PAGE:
MS: Yeah. And Sister Mary Gerald, Shirley Alice, was the one that standing at our convent too, there was a bunch of us. We were studying, as I said at the Pious XII Center, and there were older sisters. When Sister Mary Agnes asked me, “You know, who else was there?” I said most of them either are dead or left to community [laughter]. The Superior I know she was dead, she was wonderful. And I remember the other gal, she’s 100 now, and she was all scared, better sit down, get down to get out of the windows, you know, get into the corridors so nobody shoots you. Well there was no shooting, we didn’t have any shooting, no. I mean we could hear shots, and there was the smell of burning.
CG: Oh yeah? Did you see any smoke?
MS: Yeah, we saw smoke because we were only two blocks from Livernois and there was a lot of stuff going on on Livernois.
I do remember that as a result of the riots, that there were people–white people–who got together like out in Southfield I remember we had a big meeting, “What can we do? What can we do to try to help in some way or another?” Because I think most people were not aware probably of the effects of racism and all of that. I do remember that meeting in a home, I think it was one of our convents–
CG: That was after the riots?
MS: –in Southfield, yeah, yeah, after the riots to try with some laypeople and men, businessmen who wanted to know what they could do. That was a very interesting time.
I remember coming home and wanting to call my parents and tell them I was okay. Well, they were up at the Expo ’67 or something in Canada, was up in Montreal or something, they didn’t even know there was a problem.
Basically that’s what I remember. Of course, a lot of fire and stuff down where it was actually happening around the seminary. I remember they painted the face of Jesus black.
CG: What did you think about that?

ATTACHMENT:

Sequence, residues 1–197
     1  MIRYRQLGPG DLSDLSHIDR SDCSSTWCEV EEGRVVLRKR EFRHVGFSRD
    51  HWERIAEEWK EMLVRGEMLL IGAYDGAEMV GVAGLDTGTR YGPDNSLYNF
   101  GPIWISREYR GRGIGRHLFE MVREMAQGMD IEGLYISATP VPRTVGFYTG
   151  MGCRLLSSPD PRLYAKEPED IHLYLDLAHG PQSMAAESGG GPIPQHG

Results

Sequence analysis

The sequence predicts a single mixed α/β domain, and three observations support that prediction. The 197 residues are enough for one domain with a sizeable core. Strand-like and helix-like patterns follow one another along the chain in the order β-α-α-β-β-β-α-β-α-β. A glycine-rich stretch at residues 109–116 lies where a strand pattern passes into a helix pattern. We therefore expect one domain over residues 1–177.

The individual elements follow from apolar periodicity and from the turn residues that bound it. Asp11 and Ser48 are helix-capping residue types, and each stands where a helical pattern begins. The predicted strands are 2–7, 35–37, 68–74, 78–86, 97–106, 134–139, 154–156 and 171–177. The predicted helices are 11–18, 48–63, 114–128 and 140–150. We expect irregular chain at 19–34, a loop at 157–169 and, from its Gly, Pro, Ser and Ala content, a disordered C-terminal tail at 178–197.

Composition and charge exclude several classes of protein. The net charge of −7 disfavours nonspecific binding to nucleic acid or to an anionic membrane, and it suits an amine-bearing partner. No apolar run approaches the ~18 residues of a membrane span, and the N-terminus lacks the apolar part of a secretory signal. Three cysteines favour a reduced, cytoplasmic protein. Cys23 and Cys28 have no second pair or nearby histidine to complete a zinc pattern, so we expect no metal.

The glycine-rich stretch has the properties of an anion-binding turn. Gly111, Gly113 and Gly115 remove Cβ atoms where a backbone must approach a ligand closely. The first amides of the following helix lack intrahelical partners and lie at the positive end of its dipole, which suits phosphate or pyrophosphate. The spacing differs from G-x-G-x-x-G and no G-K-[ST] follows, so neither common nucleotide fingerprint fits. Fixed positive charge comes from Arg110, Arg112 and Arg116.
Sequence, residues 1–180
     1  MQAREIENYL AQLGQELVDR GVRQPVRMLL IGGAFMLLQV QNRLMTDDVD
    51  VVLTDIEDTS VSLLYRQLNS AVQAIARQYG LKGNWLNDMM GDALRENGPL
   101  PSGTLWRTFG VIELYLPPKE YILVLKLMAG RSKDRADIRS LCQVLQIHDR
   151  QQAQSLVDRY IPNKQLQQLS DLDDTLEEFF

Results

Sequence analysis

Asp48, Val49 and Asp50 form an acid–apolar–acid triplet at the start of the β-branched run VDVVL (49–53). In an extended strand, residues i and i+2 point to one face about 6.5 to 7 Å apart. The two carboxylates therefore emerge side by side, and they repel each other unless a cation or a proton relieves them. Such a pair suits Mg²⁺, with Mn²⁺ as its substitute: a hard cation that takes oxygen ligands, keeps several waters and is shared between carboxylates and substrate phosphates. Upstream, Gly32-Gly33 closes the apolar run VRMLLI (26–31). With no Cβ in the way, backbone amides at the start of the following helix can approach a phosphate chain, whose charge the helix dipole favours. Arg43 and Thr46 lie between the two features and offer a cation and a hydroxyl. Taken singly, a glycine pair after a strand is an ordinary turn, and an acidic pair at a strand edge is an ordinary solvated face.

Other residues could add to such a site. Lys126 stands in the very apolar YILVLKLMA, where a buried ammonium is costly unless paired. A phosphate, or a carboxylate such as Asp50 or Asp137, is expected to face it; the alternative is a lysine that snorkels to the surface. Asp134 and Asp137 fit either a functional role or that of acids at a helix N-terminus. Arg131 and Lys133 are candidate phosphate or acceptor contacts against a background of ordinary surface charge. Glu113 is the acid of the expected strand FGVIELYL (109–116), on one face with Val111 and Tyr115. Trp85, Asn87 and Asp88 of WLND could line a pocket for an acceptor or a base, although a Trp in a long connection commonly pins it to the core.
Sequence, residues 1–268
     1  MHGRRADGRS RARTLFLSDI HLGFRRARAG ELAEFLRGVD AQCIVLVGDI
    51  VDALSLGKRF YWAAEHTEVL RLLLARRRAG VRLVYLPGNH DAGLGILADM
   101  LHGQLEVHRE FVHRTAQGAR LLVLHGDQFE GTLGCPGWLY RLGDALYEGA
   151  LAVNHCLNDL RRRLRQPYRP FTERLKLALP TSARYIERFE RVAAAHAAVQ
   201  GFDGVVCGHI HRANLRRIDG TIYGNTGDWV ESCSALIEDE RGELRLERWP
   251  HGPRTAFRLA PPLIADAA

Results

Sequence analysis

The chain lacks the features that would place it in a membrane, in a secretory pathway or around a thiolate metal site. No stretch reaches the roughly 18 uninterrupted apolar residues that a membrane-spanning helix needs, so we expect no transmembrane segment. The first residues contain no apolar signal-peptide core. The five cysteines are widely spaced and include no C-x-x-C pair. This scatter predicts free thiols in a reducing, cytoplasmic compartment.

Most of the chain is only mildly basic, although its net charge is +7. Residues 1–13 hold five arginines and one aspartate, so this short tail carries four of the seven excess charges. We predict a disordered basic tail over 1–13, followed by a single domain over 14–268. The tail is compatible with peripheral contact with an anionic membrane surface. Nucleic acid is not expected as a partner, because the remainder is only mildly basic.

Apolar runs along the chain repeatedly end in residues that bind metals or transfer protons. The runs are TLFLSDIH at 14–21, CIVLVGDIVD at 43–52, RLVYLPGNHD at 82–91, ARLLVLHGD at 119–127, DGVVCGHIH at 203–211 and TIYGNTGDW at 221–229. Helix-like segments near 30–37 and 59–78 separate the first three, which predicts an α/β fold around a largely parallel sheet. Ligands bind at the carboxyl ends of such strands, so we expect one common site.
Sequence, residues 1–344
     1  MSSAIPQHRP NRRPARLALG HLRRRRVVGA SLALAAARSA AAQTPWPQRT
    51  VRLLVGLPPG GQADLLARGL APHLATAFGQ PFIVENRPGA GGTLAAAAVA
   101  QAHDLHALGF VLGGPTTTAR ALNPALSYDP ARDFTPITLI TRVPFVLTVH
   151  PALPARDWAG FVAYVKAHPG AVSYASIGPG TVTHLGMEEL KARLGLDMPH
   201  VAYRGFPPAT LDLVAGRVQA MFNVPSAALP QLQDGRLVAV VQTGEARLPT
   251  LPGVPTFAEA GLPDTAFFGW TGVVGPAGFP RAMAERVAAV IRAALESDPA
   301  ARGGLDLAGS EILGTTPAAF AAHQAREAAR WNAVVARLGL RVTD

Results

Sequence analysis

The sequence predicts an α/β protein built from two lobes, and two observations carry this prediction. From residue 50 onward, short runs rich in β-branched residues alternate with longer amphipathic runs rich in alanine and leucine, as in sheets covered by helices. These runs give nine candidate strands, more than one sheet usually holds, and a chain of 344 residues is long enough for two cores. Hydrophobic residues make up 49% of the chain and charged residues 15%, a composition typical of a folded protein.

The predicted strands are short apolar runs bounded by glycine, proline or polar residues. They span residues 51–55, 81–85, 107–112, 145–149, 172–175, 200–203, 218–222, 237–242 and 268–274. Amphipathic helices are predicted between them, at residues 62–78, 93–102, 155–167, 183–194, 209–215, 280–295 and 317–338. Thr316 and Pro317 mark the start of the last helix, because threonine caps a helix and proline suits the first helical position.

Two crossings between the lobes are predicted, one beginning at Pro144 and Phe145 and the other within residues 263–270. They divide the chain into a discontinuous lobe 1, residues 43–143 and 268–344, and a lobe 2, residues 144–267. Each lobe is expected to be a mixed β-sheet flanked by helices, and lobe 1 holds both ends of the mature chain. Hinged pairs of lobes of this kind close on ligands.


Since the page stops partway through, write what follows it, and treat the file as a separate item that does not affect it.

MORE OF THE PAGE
MS: I thought that was neat. And then they tried to take it off, and then they painted it black again, so they just left it black. The Church was slow on the draw, but we were trying anyway. I think the Sisters were more aware, and then of course our Sister Jane Mary, who was a temporary President of Marygrove, wanted to take 68 African American students for 1968. 68 for ’68.
CG: And did that happen?
MS: Yeah, it did.
CG: Do you feel like that was kind of some of the response that at least the Sisters had to the riots?
MS: Right, oh absolutely, absolutely. I think we were very much made aware of it. Because you know, Marygrove is right in the middle. As times have gone on, a lot of people moved out of the area: white people move out, they were frightened or whatever. Some tried to stay; I know that in the Gesu area, the University District area, a lot of the people were very open to being caring and so forth and so on, but sometimes it got really tough and some of the black kids from further in would come out and they’d cause problems with children walking home from school and stuff like that, so some moved out. Now, I have a friend, however, who raised all her kids there, and is still there in the University District, and she just loves her neighbors and Gesu Perish has worked to be open to everybody.
CG: Yeah, I’ve heard that they do a lot of social justice work.
MS: Mmhmm. Yeah.
CG: What year did you leave Detroit?